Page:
by JP Saleeby, MD
The genetic malabsorptive disorder Celiac Disease (or celiac sprue) a condition where the body has an immunologic reaction to gluten may be more widespread than previously thought. It is estimated that one in 300 Americans have celiac disease. Since this condition can manifest itself from infancy to old age it is sometime overlooked or undiagnosed mainly due to low suspicion and its protean presentation. Symptoms may fall on a continuum from mild to severe, but there are certain key symptoms and signs that should trigger a complete work up for this disorder.
Celiac disease is an inherited disorder and results when gluten proteins from many of the grains we eat spark an immune reaction resulting in a malabsorptive digestive disorder.
Celiac disease often causes diarrhea, fatigue, borborygmus (rumbling stomach), abdominal pain, weight loss, distention of the abdomen, flatulence and iron deficiency anemia. Additionally, signs that present on examination of a patient are a skin disorder called dermatitis herpetiformis, aphthous ulcers (canker sores), low blood counts (anemia), with Diabetes mellitus (Type I) and autoimmune Thyroid disease as associated illnesses. The skin eruptions know as dermatitis herpetiformis is almost pathognomonic for celiac disease as those who present with it should be screened for it is found in up to 20% of patients with celiac disease. Under or misdiagnosis is certainly a problem. According to one study up to 36% of celiac patients were misdiagnosed as having irritable bowel syndrome until the true diagnosis was realized. Left untreated celiac disease can ultimately lead to osteoporosis and intestinal lymphoma.
When it is suspected there are serum (blood) tests that should be ordered first and they include immunoglobulin A (IgA) tissue transglutaminase antibodies (tTG) and anti-endomysial antibody (IgA) analysis. For confirmation a small intestine biopsy can be performed under endoscopy. The Anti-gliadin test has fallen out of favor in recent years due to its lack of specificity and low sensitivity. Additionally, genetic markers such as the HLA phenotypes DQ2 and DQ8 may be helpful as they are found in 99% of people with celiac disease.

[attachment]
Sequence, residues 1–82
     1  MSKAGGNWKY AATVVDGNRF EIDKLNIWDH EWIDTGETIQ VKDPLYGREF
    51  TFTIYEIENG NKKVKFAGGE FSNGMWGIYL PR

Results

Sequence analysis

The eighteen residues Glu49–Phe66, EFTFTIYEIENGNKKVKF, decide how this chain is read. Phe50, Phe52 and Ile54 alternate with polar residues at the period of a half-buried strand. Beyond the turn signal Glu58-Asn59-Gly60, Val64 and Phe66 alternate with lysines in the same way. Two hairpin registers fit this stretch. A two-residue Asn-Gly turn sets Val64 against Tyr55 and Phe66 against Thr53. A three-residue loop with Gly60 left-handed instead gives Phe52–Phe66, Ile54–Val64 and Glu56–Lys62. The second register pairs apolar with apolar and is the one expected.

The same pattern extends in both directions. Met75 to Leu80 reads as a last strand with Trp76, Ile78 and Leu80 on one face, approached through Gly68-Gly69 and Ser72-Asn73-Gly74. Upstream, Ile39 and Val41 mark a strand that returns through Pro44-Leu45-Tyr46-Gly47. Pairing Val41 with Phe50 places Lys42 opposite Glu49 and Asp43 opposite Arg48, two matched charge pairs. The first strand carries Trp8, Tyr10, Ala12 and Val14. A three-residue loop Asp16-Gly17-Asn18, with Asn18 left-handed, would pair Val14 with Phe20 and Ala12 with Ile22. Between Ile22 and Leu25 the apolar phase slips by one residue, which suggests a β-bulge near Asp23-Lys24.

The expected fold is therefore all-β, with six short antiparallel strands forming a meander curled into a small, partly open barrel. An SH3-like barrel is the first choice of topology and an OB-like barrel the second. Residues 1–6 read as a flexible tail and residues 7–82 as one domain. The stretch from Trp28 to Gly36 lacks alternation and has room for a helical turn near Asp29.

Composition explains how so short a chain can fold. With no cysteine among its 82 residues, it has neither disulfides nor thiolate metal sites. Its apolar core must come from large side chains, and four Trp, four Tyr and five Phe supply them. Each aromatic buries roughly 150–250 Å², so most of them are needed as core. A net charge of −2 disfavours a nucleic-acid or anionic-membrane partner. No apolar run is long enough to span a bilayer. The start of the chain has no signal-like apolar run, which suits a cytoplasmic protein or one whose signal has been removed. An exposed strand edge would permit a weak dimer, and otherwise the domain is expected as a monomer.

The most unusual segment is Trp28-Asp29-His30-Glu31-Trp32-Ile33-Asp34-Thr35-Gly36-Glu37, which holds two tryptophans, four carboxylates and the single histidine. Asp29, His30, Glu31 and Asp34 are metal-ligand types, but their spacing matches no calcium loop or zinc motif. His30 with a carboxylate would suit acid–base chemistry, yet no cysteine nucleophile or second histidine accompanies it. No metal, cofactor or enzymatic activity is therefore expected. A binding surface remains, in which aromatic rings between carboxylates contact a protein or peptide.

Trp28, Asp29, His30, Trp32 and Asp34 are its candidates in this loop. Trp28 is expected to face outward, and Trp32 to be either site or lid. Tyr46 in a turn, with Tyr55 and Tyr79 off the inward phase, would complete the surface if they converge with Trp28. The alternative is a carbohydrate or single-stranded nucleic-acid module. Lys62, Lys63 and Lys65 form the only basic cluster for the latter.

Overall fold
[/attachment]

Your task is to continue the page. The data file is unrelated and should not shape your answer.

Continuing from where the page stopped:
Those with celiac disease have a higher mortality due to a risk three to six times higher for developing gastrointestinal cancers and in particular a non-Hodgkin’s lymphoma. Patients with celiac disease need close and routine follow up care. Cancer screening along with routine testing for diabetes, thyroid disease, vitamin deficiencies, anemia and osteoporosis should be performed by their family doctor.
Along with stick avoidance of gluten containing foods, replacement of key nutrients is essential. Those who suffer from celiac disease are prone to deficiencies of iron, calcium, folic acid, vitamin B12 and some fat-soluble vitamins (notably Vitamin D). Therefore, it is good practice to supplement with these vitamins and minerals. There are alternatives to wheat, rye and barley that provide a good balance of fiber and a health supply of vitamins usually associated with the offending grains. While corn, potato, and rice make up the mainstay of starches for celiacs, soybeans, tapioca, arrowroot, carob, buckwheat, millet, amaranth and quinoa are allowable and suitable additions.
A good adjunct to a gluten free diet is a new product on the market offered by BeachBody. This product launched in March 2009 was directed to the health and fitness market as a meal replacement dietary supplement for attaining health weight goals. However, this product is guaranteed gluten free and caries many additional nutrients someone with celiac disease would benefit. Shakeology (www.shakeology.com) has benefits for keeping a celiac patient out of a malnutrition state as it has a health helping of protein (from whey), a well balanced supply of multivitamins and minerals, pre and probiotics, digestive enzymes, fiber and adaptogen herbs. It could conceivably be the healthiest meal of the day for any person suffering from celiac disease.
More information is available about this disease, diagnosis and treatments (including a list of gluten free foods) at the Celiac Disease Foundation web site: www.celiac.org.
JP Saleeby, MD is an integrative medicine physician and emergency room doctor with years experience in nutritional medicine and a formulator of several dietary supplements on the market. He authored a book on adaptogen herbs entitled Wonder Herbs: A guide to Three Adaptogens (Xlibris) in 2006. He recently reviewed the research study supporting the new meal replacement shake Shakeology for Product Partners. He can be reached for comment at firstname.lastname@example.org.
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